Our Democratic Lords

Fast track has gone to the Senate, where its passage,
alas, is assured. "I don't think we stand a chance of defeating it," says one
dispirited union official. Indeed, labor lobbyists aren't even focusing on the
trade legislation itself, but on an expansion of assistance for displaced workers
that they hope the Senate will muster enough votes for, even as fast track
breezes through.

But this anticipated passage is passing strange. The fast-track bill,
giving the president new authority to negotiate trade deals, staggered out of the
Republican-controlled House by a one-vote margin, devoid of almost any Democratic
backing. Now, it has moved to Tom Daschle's Senate--the Democratic side of
Capitol Hill--where, one might think, support for labor rights and environmental
standards in the new global economy would be at least as great as it is in Tom
DeLay's House. But it's not.

Put aside, for a moment, the divisions between northern and southern
Democrats, or rural and urban Democrats, or DLC and labor Democrats. The
least-examined dividing line in the Democratic Party is that between its House and
Senate delegations on the issue of the global economy. This division has been
around for the better part of a decade, and it's only grown more pronounced. In
1994, 60 percent of House Democrats voted against NAFTA, while their Senate
colleagues split evenly on the measure. Last year nearly two-thirds of House
Democrats opposed granting permanent-normal-trade-relations status to China,
while Senate Democrats favored the bill by a 37-to-7 margin.

And now comes fast track, which precisely 90 percent of House Democrats voted
against. Longtime free-trade champions like Sacramento's Robert Matsui and
Harlem's Charles Rangel led the opposition this time around, partly because GOP
Ways and Means Committee Chairman Bill Thomas refused even to deal with them--but
also because they feared entrusting the interests of workers and the environment,
here and abroad, to the tender mercies of the Bush White House. On past votes,
Democratic free-traders in the Senate have been able to make a formidable
alliance with the House's Rangels and Matsuis. On the forthcoming fast-track
vote, however, they stand in splendid isolation not only from their party's core
constituencies but from nearly all their normal allies in the other house.

For some time now, the trade issue has posed a distinct conundrum
for each of the two parties. Republicans have been asked to subordinate their
nationalism to the demands of their business backers--and, the clout of capital
being a hell of a lot more potent than the mystic chords of union, they've done
just that. Democrats have been asked to embrace a laissez-faire order globally
even when they favor a mixed economy here at home. The problem is that this
balance is no more sustainable than Lincoln's house divided. By permitting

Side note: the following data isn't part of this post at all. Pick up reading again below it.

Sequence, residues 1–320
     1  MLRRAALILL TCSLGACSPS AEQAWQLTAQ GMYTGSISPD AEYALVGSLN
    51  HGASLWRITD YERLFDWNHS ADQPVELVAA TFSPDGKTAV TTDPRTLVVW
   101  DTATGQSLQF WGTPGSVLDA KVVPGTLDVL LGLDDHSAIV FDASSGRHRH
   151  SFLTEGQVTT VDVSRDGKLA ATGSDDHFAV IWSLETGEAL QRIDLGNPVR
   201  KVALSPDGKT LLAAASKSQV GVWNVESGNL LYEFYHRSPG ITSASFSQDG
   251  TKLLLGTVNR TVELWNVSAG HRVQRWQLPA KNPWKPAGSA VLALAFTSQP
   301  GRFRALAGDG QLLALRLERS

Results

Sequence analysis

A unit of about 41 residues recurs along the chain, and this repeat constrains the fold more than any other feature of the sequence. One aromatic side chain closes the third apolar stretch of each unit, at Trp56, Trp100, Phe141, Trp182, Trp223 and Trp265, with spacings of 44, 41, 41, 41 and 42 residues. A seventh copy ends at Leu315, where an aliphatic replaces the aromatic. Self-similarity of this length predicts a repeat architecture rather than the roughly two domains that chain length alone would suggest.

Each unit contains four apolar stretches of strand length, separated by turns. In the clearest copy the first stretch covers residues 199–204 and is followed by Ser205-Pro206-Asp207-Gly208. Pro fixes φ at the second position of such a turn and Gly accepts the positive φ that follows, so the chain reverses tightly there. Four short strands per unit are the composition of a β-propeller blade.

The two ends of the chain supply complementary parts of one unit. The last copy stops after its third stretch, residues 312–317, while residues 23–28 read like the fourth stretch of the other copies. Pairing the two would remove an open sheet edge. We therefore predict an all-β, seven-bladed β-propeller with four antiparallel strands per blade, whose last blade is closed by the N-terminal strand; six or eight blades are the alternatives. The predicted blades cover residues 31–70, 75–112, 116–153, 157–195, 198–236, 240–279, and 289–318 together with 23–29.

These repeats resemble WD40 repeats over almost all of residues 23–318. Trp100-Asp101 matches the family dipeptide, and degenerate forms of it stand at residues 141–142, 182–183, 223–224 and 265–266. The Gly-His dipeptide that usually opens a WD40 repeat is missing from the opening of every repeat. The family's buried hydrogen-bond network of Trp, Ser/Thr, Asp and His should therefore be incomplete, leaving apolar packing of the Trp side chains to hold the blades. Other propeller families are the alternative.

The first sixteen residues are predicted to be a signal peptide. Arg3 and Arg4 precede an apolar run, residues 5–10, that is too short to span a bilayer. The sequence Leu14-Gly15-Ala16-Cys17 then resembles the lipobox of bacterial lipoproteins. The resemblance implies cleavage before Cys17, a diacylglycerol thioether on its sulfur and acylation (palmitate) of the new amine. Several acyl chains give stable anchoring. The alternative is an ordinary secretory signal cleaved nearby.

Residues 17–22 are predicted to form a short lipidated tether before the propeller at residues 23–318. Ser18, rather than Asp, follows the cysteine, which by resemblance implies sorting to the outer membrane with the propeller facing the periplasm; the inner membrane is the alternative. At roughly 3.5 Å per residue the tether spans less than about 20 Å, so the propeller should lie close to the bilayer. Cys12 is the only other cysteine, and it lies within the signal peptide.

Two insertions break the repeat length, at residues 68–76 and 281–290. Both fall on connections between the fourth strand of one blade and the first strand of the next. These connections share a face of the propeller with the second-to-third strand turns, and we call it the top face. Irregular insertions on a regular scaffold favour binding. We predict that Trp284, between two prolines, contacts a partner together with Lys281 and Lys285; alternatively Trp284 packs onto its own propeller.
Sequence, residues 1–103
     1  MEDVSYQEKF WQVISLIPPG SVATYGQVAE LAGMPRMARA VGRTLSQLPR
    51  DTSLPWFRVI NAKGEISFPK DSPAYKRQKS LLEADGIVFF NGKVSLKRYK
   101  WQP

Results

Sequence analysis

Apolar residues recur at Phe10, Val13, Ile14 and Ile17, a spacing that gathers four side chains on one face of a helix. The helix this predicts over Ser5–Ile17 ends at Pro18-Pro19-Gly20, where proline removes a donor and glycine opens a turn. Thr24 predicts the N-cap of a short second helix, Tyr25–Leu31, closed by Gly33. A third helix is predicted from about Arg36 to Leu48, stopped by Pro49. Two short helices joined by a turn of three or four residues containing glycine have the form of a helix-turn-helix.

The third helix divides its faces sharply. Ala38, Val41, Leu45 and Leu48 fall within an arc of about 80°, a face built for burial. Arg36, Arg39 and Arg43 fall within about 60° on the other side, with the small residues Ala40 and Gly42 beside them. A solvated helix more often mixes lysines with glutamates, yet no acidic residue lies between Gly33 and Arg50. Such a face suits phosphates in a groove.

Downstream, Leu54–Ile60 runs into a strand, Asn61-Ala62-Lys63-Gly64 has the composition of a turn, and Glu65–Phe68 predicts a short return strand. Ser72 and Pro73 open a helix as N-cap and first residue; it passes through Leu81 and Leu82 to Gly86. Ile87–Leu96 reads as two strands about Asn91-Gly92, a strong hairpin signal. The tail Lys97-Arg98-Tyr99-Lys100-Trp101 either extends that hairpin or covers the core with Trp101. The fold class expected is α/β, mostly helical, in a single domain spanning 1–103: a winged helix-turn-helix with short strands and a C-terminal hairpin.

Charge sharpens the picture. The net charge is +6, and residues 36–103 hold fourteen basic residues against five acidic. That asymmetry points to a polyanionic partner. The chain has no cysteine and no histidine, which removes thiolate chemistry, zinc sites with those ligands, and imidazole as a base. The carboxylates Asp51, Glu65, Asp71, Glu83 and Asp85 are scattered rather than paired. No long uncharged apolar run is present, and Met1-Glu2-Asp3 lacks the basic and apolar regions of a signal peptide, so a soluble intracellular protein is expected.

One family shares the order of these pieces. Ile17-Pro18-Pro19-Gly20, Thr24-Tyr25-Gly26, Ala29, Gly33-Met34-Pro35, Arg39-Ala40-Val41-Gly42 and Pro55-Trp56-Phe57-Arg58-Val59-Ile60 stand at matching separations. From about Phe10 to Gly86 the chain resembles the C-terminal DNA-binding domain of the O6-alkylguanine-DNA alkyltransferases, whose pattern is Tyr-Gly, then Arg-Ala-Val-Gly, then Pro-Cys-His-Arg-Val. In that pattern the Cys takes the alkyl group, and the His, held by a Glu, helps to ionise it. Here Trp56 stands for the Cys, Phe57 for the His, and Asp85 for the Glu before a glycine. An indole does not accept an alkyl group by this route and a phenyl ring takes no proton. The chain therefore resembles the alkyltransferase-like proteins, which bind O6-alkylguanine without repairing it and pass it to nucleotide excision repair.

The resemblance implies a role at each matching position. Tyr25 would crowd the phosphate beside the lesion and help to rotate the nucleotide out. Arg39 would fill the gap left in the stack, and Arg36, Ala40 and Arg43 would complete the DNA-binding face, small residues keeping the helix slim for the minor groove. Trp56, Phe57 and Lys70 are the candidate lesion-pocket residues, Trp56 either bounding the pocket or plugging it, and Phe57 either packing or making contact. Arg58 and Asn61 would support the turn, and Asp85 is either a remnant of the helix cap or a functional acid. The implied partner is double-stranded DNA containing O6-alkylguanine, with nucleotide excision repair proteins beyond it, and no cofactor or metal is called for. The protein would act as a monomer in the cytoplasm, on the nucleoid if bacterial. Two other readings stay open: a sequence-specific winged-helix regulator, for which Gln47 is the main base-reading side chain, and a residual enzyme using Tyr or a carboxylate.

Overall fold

corporations to sue (in closed proceedings) to undo U.S. environmental and labor
regulations that might put a check on the absolute sovereignty of trade, fast
track threatens the foundations of the Democrats' domestic programs.

But why does the Democrats' worldview shift the moment they cross the
rotunda? The most obvious answer is that labor is increasingly an election-day
factor on the House side, while money--that is, business--dominates in Senate
campaigns. Unions are able to put hundreds of activists into close House
contests, with considerable success. Most states, however, are too big for field
campaigns to be decisive. What matters at the state level is big money for big
media campaigns.

This distinction, says United Auto Workers lobbyist Barbara Somson, carries
over to life on the Hill. "Senators live in a rarified atmosphere not really open
to congressmen," she says. "House members are always going to things like picnics
in their districts. Not senators--their social life is dominated by
businesspeople. More and more, the Senate is like the House of Lords."

Even Lords, however, need to be held accountable. Fast track should not be a
free-vote in the Senate. A longtime free-trader like John Kerry of
Massachusetts--if he ends up voting for the bill--should have to explain why
every House Democrat from his state was wrong to oppose it. Ditto the dynamic duo
of Charles Schumer and Hillary Clinton, all of whose New York House colleagues
also voted no. Presidential aspirants like Tom Daschle and John Edwards should
tell us why the laissez-faire order they routinely seek to mitigate at home is
nonetheless just what the planet needs. With Senate Democrats on the brink of
disgracing themselves, we can at least insist that theirs be an audible, not a
quiet, disgrace.

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